Anniversaries, eh? Today, easy access to historical information on the web makes every date significant for some reason. The first Moon landing occurred on July 20th, 1969 and, at the time of remastering this story, the 50th anniversary is almost upon us. Ten years back, when I wrote the original of this piece, I asked myself: what was I doing then, electronically speaking? What formative things were happening to the future Filter Wizard?
At the tender age of eleven (and what does that mean? Eleven is a prime number, so it’s pretty resistant to arithmetical damage) I was transitioning from the worlds of Meccano modeling and of chemistry experiments (sorry about the burn marks and the smell, Mum) to a warmer world of soldering irons and electricity (er, sorry about the burn marks and the smell, Dad).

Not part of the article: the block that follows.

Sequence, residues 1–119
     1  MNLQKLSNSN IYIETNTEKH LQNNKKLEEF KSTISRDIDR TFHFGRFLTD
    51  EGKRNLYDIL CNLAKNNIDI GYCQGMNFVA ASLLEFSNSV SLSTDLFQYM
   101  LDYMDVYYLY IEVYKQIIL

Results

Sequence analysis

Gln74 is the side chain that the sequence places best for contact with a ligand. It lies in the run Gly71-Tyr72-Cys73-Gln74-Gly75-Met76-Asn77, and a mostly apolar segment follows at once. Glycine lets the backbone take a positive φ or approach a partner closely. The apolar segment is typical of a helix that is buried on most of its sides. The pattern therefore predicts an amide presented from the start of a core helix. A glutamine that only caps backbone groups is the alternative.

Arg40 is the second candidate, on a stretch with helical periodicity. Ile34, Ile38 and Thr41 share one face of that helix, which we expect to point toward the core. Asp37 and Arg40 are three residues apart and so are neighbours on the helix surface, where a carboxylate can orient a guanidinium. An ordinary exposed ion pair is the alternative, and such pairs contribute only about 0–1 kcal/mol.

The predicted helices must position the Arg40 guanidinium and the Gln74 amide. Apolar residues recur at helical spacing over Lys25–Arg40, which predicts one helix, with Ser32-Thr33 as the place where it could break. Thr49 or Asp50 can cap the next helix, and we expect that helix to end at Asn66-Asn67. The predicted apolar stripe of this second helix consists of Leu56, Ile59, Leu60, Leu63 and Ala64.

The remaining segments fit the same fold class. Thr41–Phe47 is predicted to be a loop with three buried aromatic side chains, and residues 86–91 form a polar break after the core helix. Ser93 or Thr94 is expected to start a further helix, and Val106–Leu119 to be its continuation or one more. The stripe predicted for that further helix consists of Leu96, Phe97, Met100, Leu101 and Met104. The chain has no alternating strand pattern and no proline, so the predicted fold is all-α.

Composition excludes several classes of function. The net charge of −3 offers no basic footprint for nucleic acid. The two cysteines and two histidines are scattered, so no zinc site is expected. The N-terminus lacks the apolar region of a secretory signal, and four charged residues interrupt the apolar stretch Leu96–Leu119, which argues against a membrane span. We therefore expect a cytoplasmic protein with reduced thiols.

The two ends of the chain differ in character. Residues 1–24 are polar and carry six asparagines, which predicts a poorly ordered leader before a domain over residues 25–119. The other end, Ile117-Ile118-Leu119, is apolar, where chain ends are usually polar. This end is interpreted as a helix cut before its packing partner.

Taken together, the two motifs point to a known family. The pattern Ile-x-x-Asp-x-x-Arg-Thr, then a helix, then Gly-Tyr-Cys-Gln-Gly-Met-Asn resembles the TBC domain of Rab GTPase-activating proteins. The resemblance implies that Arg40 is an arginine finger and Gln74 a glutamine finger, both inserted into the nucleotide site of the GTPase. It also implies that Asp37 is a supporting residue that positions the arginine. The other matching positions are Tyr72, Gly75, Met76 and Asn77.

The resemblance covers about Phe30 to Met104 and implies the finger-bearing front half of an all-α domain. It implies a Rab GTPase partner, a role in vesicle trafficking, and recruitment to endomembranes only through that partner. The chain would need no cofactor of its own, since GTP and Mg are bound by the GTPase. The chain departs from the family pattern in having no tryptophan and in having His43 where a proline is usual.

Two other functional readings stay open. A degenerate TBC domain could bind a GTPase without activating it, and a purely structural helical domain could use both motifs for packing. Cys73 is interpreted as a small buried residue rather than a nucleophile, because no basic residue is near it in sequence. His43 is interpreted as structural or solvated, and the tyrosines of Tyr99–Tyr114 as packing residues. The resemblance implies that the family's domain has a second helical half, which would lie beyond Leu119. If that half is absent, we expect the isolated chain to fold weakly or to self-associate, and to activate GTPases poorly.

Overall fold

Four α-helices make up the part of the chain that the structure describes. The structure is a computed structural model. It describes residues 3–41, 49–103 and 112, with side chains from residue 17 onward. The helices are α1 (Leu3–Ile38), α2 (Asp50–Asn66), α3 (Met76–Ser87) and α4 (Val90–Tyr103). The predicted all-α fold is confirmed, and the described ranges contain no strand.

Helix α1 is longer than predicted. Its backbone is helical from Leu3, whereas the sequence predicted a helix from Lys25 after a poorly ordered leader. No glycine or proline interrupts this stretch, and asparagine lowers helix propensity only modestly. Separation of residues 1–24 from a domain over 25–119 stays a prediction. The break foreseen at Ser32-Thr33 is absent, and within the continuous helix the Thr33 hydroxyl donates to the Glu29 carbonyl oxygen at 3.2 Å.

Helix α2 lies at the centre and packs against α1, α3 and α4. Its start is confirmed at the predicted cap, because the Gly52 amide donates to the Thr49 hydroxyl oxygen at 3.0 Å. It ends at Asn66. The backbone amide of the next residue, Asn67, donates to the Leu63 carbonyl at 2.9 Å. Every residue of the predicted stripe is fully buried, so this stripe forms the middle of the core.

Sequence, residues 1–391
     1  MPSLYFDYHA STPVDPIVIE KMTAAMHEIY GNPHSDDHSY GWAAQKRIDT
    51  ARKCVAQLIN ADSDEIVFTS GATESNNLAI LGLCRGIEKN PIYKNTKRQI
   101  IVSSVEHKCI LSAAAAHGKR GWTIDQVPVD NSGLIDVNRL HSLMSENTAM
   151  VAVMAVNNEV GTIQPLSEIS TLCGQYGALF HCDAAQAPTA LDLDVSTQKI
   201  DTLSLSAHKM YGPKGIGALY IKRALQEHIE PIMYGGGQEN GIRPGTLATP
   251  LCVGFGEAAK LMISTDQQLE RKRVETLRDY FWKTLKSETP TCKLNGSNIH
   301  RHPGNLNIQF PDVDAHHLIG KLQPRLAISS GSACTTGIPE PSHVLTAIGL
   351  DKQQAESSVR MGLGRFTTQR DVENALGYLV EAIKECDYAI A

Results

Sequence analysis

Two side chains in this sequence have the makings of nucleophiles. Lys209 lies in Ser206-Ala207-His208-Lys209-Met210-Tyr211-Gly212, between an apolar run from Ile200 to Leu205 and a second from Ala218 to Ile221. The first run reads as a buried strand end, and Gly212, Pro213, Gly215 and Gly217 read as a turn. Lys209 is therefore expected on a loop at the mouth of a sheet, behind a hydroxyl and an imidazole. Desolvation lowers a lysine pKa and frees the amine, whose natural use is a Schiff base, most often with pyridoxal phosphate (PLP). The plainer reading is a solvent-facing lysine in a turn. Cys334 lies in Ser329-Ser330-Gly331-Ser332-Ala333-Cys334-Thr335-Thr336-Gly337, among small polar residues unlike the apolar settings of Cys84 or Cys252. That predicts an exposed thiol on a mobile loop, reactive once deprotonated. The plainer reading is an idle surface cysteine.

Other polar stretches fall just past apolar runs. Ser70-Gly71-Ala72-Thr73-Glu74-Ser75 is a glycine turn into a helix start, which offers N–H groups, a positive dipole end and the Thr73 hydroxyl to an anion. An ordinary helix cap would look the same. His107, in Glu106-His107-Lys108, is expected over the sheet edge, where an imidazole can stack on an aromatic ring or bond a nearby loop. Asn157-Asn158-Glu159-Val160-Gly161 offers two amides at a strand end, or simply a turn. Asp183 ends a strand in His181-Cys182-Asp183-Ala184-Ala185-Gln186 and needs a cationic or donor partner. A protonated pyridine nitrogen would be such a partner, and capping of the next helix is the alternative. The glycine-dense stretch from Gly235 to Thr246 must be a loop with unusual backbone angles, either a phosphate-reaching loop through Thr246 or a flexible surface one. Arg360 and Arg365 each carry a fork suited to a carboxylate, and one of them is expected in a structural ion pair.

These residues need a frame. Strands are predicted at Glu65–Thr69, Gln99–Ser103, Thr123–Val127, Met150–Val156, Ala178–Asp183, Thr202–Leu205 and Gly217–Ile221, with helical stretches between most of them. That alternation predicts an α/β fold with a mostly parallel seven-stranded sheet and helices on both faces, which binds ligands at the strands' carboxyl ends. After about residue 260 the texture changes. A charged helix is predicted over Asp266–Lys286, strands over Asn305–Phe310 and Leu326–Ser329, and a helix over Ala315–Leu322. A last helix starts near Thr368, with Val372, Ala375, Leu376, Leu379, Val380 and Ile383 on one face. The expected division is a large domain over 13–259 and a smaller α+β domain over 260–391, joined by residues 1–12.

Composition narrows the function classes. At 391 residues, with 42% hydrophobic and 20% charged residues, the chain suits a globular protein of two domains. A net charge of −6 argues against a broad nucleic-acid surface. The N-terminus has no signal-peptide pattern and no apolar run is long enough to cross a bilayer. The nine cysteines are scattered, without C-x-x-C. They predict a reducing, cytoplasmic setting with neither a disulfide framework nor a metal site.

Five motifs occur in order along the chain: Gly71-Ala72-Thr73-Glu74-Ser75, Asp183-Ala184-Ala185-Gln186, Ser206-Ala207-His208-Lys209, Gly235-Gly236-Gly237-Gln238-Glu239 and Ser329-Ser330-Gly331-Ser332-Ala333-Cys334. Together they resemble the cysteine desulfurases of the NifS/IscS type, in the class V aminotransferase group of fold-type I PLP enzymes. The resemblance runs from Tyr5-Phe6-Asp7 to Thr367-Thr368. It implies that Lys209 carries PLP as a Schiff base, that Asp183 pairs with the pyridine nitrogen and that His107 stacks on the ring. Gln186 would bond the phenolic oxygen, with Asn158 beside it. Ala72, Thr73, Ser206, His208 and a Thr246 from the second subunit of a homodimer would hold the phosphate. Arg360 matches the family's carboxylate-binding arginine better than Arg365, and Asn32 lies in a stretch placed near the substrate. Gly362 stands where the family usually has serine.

Dad was a keen electronics hobbyist, but sometimes he didn’t “get” something on a project he was attempting. He was more of a refrigeration and aircon guy. We had a home-made freezer with a throbbing compressor from a 1930’s Frigidaire; gauges with trembling needles like you’d see in a black-and-white sci-fi film. Every time we recharged it with R12 the hole in the ozone layer above South London got a little bigger... little did we know, back then.
So I started stepping in to have a go with the darkroom timers, the phone bill calculators and the drill speed controllers – how hard could all this electronics stuff be, anyhow? Good early apps experience, obviously. Practical Electronics magazine was regular reading, and I was particularly taken by the May 1969 issue because it included a design for an electronically controlled Meccano model.
For fun, though, I’ve decided to look at another circuit from that issue. I never built it at the time, but would have been interested because it had an audio use, and I was already getting into audio by then. Mostly repairing old record players and valve (tube, to my US friends) radios, discovering the joy of the dried-out electrolytic capacitor.